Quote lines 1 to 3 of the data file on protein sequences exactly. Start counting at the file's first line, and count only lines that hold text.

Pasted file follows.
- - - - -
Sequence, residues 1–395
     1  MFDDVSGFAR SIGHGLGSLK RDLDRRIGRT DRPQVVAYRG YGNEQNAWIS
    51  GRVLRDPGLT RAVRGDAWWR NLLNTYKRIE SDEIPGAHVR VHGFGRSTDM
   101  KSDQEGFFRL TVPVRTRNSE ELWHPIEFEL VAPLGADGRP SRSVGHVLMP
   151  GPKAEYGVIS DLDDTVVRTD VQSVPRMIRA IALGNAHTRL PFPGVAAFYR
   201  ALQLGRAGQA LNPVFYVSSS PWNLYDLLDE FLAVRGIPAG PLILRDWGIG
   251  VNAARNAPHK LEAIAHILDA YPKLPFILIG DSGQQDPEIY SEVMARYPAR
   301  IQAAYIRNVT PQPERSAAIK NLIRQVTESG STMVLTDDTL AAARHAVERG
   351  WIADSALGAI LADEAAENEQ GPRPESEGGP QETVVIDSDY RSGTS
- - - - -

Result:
Sequence, residues 1–395
     1  MFDDVSGFAR SIGHGLGSLK RDLDRRIGRT DRPQVVAYRG YGNEQNAWIS
    51  GRVLRDPGLT RAVRGDAWWR NLLNTYKRIE SDEIPGAHVR VHGFGRSTDM